Careless coders tempting legal troubles?

Most software developers regard "code-borrowing"--reusing existing software in their own work--as an acceptable practice, despite the legal minefield it could create for their employers, a study says.
Written by Michael Parsons, Contributor on
Most software developers regard "code-borrowing"--reusing existing software in their own work--as an acceptable practice, despite the legal minefield it could create for their employers, according to research due to be published later this week.

The anonymous online survey of more than 3,000 developers found that almost 70 percent of respondents keep a personal library of code that they freely carry from employer to employer. Such code is generally used without the lawful owner's knowledge or permission, according to Out-law.com, a site that provides legal advice on information technology and e-commerce.

"Reusing or copying code, though in some ways unlawful, I believe is common practice in software development," said one freelance developer who participated. "Most developers that I come in contact with (including myself) reuse, copy or even reverse-engineer code to make it work better or to include it in an application that we are programming."

According to Susan McKiernan, an IT lawyer with Masons, the law firm behind Out-law.com, the survey showed that there was a widespread acceptance of the practice of reusing and "borrowing" code.

McKiernan said the fundamental issue involved was whether a substantial part of the code had been copied.

"The problem lies in figuring out what is a substantial part of a software program," McKiernan said.

The courts say that you cannot define substantiality in terms of percentages of code, McKiernan said.

"You need to consider the skill and labor in design and coding which went into the specific bits of allegedly copied code," she said.

McKiernan points to one case in which a party copied only 2 percent or 3 percent of the total code, yet was found to have infringed copyright. In another successful infringement action, the developer had made considerable modifications and additions to the original software--making it visually very different and more user-friendly--but had nonetheless used the original software to take shortcuts.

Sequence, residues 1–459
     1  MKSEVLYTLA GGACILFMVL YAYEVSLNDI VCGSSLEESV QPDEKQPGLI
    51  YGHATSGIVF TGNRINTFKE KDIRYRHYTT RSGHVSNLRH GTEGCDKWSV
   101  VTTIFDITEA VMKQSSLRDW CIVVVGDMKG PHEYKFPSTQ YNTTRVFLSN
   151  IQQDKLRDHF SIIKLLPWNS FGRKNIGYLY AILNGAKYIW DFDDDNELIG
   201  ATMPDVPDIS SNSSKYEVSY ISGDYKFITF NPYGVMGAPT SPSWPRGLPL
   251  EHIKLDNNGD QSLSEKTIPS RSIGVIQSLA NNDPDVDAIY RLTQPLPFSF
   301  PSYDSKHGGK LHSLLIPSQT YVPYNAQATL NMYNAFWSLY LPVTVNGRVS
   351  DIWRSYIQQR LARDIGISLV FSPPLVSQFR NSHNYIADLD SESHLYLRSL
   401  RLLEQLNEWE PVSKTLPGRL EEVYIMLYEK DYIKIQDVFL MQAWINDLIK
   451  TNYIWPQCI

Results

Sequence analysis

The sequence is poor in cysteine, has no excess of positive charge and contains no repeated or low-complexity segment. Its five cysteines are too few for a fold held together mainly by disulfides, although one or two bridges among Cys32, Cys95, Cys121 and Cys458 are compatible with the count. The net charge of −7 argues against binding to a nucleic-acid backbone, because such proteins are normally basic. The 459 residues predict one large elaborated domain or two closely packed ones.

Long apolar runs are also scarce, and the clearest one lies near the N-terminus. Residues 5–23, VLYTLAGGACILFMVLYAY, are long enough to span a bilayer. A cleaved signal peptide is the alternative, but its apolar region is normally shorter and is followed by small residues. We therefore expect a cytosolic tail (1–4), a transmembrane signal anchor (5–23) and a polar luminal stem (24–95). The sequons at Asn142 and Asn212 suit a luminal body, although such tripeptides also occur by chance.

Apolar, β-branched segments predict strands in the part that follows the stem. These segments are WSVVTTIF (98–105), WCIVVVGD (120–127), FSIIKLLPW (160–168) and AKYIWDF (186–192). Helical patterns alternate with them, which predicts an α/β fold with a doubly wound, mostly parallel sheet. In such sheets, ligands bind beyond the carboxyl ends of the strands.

The survey also revealed that developers do not realize that software does not need to be identical for copyright infringement to arise. Almost 90 percent said they would reproduce the way another piece of software functions, without copying any code.

"By consulting the original code and program, however, a developer could still be found to have copied a substantial part," said McKiernan.

Software companies also face a threat because the development work force tends to change jobs frequently, which increases the chances of employees and contractors introducing materials from previous employers, clients or elsewhere.

"The Internet adds a further risk, with the availability of software from anywhere in the world and the potential for code-sharing through forums and bulletin boards," said McKiernan.

And so does the pride that developers take in their software. Writing code is hard, and developers like to show off their work.

"I haven't met a developer who wants to hide his or her code," said one developer. "Developers are proud of their code and want other developers to see its brilliance (and feel proud if others use it). It's companies and managers who care about copyrighting code."

Michael Parsons of ZDNet UK reported from London.

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